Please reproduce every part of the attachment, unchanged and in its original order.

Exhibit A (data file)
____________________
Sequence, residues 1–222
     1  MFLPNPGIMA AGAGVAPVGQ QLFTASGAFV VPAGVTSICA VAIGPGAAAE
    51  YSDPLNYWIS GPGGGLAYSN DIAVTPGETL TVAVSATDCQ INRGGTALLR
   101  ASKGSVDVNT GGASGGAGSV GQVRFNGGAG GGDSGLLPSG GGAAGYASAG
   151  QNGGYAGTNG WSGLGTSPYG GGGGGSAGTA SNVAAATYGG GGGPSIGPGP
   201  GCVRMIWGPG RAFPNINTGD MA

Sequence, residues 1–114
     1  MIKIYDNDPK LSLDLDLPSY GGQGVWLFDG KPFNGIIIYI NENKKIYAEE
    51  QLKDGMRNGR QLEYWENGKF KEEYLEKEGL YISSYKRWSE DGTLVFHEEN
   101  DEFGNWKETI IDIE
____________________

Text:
Sequence, residues 1–222
     1  MFLPNPGIMA AGAGVAPVGQ QLFTASGAFV VPAGVTSICA VAIGPGAAAE
    51  YSDPLNYWIS GPGGGLAYSN DIAVTPGETL TVAVSATDCQ INRGGTALLR
   101  ASKGSVDVNT GGASGGAGSV GQVRFNGGAG GGDSGLLPSG GGAAGYASAG
   151  QNGGYAGTNG WSGLGTSPYG GGGGGSAGTA SNVAAATYGG GGGPSIGPGP
   201  GCVRMIWGPG RAFPNINTGD MA

Sequence, residues 1–114
     1  MIKIYDNDPK LSLDLDLPSY GGQGVWLFDG KPFNGIIIYI NENKKIYAEE
    51  QLKDGMRNGR QLEYWENGKF KEEYLEKEGL YISSYKRWSE DGTLVFHEEN
   101  DEFGNWKETI IDIE